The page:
Teach First – A Lesson in Literacy

People often say to me “how did you succeed at anything with no education”? Well the secret is I didn’t. I was educated, but not in the conventional sense!

Due to my dis-functional background I rarely went to school but thanks to my mother I learnt to read from a very young age. Because of my serious hyperactivity she was concerned that I would never read anything if I become bored so she taught me to speed read hoping that if I got to the end of each page quickly I would be more likely to read the entire book!

What she didn’t realise was that I would become obsessed by reading and as a result have read several thousand books in my lifetime. Including some ridiculously long texts.

My point here isn’t to shout about my own achievements, which are essentially very humble, but to illustrate the importance of literacy in a modern world obsessed with information. It doesn’t matter how one takes in information. The important thing is that one does.Tablets, laptop, desktop, newspapers, magazines, paperbacks and good old leather bound books all provide reading opportunity for anyone who has the skill.

Imagine for a moment that these words which appear to jump off the page are merely meaningless squiggles to over 26% percent of the world’s population. That’s over one billion people. One Billion!

What is just as disturbing is that according to The World Literacy Foundation over 8 million people in Britain are functionally illiterate. Effectively that means they struggle to read medicine labels as an example.

Think how different and difficult your life would be in such a circumstance. Especially if you were applying for employment.

Reading and literacy are the foundation skills needed in today’s fast paced world. They are the skills which unlock anything else you want to learn. The ability to read is undoubtedly the key to a better life.

How do you find out where the information is if you can’t read directions where to locate it? Not very easily if you are even partially illiterate that’s for sure.

I was delighted to be invited by HRH The Prince of Wales to a reception for the charity Teach First at his London home Clarence House a month or so ago.

Prince Charles is patron of this wonderful organisation which promotes literacy wherever it finds the opportunity and provides teachers to schools where more than half of the pupils come from the poorest 30% of families, measured by, ‘Income Deprivation Affecting Children Index’.

Besides the many children born in the United Kingdom who are functionally illiterate, there are generations of school age children entering this country whose first language isn’t English and who will lack spoken and written communication skills in the language of their new home unless more is done to focus on these key areas of education.

Teach First coordinates an employment-based teacher training programme whereby participants achieve Qualified Teacher Status through participating in a two year training programme that involves completion of a PGCE (Post Graduate Certificate in Education ) together with wider leadership skills training.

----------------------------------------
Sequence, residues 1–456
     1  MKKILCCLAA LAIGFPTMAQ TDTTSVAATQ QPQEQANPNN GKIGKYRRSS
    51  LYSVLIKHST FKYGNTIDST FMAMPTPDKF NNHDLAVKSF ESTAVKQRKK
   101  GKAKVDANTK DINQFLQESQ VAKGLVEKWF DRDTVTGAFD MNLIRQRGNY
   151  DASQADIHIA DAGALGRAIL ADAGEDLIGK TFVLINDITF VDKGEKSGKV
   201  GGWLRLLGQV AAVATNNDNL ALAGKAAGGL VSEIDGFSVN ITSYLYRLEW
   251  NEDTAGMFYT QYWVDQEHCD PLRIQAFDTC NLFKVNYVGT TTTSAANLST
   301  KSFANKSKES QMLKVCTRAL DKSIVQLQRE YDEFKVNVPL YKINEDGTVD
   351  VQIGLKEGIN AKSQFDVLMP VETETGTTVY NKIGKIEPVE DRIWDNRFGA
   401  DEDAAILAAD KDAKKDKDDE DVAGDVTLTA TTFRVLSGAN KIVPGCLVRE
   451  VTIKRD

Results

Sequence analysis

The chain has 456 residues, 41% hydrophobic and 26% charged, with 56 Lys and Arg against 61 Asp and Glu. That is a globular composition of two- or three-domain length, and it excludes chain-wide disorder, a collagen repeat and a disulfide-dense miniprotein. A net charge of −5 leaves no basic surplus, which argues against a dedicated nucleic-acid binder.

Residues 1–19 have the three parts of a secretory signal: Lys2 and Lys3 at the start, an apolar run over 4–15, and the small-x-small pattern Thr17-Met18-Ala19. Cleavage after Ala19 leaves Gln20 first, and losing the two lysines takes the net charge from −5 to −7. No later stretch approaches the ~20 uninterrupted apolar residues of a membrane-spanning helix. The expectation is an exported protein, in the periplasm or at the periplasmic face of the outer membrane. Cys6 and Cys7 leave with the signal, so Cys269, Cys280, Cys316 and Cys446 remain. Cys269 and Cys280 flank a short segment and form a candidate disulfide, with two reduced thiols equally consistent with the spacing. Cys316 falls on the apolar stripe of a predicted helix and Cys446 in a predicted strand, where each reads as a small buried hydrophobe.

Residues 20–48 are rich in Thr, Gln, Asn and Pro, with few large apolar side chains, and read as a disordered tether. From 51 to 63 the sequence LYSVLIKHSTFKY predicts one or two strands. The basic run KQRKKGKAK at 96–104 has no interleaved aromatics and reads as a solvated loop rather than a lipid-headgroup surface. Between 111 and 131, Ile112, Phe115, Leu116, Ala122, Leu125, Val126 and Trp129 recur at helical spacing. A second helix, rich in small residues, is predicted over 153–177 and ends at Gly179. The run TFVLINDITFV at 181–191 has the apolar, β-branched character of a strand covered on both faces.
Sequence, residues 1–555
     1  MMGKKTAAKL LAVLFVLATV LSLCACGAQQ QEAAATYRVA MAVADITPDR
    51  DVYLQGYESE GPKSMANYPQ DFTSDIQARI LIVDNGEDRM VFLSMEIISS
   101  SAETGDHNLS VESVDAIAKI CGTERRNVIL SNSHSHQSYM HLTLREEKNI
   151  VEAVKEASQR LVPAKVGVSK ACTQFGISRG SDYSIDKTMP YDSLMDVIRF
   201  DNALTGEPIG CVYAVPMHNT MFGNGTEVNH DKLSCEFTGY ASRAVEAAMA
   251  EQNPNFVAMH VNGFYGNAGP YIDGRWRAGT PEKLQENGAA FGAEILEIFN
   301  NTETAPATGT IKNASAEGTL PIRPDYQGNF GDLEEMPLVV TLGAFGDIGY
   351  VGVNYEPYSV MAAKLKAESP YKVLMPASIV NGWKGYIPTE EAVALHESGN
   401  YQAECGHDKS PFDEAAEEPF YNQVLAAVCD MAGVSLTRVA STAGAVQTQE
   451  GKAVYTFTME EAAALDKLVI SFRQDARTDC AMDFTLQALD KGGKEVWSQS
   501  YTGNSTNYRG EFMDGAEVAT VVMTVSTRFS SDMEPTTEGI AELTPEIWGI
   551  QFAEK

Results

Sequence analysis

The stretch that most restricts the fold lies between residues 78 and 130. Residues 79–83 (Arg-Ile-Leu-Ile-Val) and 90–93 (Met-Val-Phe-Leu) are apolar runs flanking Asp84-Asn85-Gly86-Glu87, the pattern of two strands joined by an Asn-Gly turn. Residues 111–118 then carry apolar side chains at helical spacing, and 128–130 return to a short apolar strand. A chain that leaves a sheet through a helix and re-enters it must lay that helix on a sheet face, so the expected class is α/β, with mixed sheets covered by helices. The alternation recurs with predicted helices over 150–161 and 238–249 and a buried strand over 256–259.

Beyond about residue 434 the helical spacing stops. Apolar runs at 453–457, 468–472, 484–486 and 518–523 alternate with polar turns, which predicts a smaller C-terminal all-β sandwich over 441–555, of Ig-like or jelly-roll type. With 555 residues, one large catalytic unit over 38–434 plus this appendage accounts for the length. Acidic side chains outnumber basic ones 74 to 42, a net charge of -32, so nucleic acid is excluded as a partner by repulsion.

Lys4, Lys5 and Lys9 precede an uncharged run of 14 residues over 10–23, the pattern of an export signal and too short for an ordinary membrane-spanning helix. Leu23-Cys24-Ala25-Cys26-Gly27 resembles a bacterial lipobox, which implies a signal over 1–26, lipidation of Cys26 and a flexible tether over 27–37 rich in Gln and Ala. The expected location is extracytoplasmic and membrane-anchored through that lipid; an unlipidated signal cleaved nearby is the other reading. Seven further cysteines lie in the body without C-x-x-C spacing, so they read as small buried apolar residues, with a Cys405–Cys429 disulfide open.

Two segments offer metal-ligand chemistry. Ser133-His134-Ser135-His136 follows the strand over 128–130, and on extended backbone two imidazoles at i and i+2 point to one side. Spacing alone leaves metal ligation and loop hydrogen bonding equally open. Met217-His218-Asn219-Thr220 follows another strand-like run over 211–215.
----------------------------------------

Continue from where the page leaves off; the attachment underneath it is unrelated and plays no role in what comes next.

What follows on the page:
Trainees are placed at participating primary and secondary schools throughout the United Kingdom.

Many leave teaching in later years but remain ambassadors for Teach First and promote both the programme and improvements in literacy wherever they can.

I was born on a council estate in Bristol and was the offspring of parents who were wholly incompatible. They fought like cat and dog which eventually led to an acrimonious divorce with me living between the two of them, sometimes on the streets throughout my childhood.

My mother lived in a little caravan in Wiltshire. It was a tourer but we never ‘toured’ because we didn’t own a car. My father lived in a one bedroom council flat in Bristol where we shared the bedroom for many years.

Going to school just wasn’t on my agenda. Thankfully though I had books which I read with relish all the time.

As I grew older and developed communication and business skills I found access to information easy. Whatever I wanted to know or research usually appeared in print at a library. I didn’t even need to buy the book.

My role as Entrepreneur in Residence and as an ambassador at The Business and Intellectual Property Centre for the British Library in London is important because it helps new businesses develop. For me – If I hadn’t developed reading skills my life would have been very different.

Literacy and improved education is the foundation block of any society whether that be one as poor as parts of Africa or Latin America or in an advanced and financially secure democracy such as ours.

Teach First is working to eradicate individual poverty caused through lack of education which is undoubtedly a worthy cause.

Dr Stephen Fear

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